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More and more Virginia school divisions are starting to unionize

Martha Commander
Steve Helber
Fourth grade math teacher Martha Commander, left, instructs her class during classes at Chimborazo Elementary School Thursday, Nov. 17, 2022, in Richmond, Va.

The Fairfax County School Board recently approved a resolution allowing for collective bargaining among public school employees, and the Falls Church School Board is expected to follow suit sometime soon. School divisions across Virginia are starting to unionize.

Teachers and support staff and cafeteria workers across Virginia are trying to hammer out new collective bargaining agreements. It's happening in Albemarle, Arlington, Charlottesville, Fairfax and in Prince William. The idea is that public school employees will have more of a say in what happens at their workplace, says Arlington union leader June Prakash.

"I think we've become accustomed to stagnant pay and being overworked and taking away planning time, and that's becoming the norm," Prakash says. "And collective bargaining will help make that better. They won't be able to pile on or not raise the pay as they have been doing for so long."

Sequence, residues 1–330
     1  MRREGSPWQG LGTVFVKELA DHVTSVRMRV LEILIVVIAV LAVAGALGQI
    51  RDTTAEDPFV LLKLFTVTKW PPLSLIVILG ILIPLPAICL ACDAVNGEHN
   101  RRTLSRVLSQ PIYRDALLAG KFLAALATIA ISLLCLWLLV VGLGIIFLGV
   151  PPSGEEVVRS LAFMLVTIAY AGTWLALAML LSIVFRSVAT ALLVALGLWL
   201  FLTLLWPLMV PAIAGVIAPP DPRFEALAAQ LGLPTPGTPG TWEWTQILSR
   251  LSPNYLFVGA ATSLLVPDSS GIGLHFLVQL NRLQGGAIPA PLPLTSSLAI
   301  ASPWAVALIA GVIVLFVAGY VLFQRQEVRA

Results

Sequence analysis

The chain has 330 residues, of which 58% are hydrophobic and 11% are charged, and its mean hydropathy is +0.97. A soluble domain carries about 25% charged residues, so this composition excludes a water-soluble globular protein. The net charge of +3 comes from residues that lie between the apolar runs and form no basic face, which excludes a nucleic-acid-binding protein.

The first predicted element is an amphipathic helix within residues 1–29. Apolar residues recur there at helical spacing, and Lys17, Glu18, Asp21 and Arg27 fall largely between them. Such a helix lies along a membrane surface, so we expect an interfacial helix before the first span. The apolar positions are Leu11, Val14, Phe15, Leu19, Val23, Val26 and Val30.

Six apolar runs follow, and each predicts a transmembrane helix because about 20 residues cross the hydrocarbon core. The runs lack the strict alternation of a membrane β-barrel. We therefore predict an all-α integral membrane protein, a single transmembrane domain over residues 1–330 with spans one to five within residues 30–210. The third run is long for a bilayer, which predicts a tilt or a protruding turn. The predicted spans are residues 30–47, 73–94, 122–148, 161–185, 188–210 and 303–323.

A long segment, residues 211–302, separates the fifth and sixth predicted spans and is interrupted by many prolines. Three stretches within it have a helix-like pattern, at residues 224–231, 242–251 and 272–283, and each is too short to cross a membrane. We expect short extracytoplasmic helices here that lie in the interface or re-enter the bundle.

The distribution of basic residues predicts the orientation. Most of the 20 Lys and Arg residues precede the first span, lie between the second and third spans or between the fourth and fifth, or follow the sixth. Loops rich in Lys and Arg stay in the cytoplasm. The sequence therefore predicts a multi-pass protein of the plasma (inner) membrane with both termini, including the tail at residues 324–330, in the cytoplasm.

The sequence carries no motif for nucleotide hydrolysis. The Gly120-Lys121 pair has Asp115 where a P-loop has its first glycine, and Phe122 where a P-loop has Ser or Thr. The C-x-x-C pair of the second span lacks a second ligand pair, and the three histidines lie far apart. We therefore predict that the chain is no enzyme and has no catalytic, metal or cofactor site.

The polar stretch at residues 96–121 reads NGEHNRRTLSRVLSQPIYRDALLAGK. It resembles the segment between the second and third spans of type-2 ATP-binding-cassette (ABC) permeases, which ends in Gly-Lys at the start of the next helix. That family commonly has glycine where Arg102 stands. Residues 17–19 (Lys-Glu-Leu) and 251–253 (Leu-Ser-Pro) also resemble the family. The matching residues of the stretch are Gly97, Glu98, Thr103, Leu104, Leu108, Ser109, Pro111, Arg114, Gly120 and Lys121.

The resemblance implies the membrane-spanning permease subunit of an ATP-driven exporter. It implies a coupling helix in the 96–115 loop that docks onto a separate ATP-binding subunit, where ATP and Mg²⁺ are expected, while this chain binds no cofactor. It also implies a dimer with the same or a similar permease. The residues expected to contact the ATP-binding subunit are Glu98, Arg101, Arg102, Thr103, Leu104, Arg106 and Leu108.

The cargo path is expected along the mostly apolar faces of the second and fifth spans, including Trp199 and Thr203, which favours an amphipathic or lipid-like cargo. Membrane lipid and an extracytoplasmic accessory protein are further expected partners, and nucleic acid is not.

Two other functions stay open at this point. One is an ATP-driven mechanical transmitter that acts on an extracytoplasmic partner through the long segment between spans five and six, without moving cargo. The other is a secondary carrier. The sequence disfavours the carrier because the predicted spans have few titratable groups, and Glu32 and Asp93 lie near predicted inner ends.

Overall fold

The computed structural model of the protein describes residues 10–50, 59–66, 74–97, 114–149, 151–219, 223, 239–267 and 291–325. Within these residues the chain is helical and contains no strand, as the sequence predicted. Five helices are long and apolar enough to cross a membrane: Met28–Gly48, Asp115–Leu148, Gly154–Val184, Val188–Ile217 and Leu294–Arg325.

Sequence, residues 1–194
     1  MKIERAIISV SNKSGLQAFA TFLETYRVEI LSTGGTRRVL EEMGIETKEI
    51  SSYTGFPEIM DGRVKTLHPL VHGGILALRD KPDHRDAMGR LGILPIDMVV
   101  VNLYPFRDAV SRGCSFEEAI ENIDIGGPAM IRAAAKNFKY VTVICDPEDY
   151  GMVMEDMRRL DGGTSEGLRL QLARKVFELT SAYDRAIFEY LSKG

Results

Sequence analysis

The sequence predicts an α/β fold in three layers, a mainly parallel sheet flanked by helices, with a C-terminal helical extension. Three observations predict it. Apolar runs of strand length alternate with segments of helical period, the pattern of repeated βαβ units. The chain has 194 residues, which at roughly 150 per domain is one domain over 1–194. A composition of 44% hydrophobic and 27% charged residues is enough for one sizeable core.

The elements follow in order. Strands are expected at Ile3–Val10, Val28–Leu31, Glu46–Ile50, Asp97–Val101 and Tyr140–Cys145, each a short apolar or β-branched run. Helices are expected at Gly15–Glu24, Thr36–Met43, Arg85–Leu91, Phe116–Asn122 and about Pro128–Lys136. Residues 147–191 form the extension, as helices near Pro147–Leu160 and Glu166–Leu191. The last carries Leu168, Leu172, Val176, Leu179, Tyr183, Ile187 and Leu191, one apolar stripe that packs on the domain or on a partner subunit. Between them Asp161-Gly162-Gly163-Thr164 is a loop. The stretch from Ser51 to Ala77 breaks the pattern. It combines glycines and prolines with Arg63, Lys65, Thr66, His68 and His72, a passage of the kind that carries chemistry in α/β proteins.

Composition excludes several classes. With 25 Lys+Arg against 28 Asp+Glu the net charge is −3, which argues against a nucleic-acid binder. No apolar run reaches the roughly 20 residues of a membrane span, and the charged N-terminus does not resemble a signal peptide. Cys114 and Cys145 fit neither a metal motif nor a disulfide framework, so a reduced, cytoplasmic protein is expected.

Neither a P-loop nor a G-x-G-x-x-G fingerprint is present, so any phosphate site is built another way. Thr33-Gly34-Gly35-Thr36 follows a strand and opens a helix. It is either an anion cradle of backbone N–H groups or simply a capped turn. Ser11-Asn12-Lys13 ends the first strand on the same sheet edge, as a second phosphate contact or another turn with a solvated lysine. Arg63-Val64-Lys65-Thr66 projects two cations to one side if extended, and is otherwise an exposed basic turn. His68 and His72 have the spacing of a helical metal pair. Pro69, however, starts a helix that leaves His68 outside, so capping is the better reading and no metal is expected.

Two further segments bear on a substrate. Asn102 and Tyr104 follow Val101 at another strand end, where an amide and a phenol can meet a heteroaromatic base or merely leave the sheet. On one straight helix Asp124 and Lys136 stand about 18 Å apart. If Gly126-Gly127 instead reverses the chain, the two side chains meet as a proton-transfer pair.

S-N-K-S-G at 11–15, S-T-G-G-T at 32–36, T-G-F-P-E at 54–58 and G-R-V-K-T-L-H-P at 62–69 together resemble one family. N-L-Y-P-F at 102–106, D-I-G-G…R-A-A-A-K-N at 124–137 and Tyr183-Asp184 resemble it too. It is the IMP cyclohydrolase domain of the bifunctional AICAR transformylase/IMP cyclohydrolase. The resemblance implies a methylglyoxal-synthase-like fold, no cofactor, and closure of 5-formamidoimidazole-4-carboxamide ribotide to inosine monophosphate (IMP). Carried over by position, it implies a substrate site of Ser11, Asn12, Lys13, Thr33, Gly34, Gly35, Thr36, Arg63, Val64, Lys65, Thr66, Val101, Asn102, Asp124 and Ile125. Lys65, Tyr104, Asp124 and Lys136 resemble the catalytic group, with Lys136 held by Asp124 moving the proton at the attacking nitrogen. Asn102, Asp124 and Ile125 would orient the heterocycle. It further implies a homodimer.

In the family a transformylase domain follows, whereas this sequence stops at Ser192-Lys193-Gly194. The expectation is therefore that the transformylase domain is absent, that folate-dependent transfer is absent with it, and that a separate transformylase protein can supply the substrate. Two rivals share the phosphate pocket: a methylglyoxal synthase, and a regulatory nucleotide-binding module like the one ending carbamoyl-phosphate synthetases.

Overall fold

David Broder is a service-industry union leader in northern Virginia who says groups considering collective bargaining in their local schools should be on the lookout for unreasonable requirements for union elections. He points to Prince William County, where more than half of the workers participating in the union election are required to vote in favor of joining the union.

"Essentially they passed an anti-democratic standard that they themselves couldn't meet," Broder explains. "If they held themselves to the same standard they required of their workers, no one on the Prince William County School Board would be in office today."

So far, the only school division that has actually entered into a contract is Richmond. A handful of other localities are currently negotiating contracts, and most school divisions have yet to start organizing.

This report, provided by Virginia Public Radio, was made possible with support from the Virginia Education Association.

Michael Pope is an author and journalist who lives in Old Town Alexandria.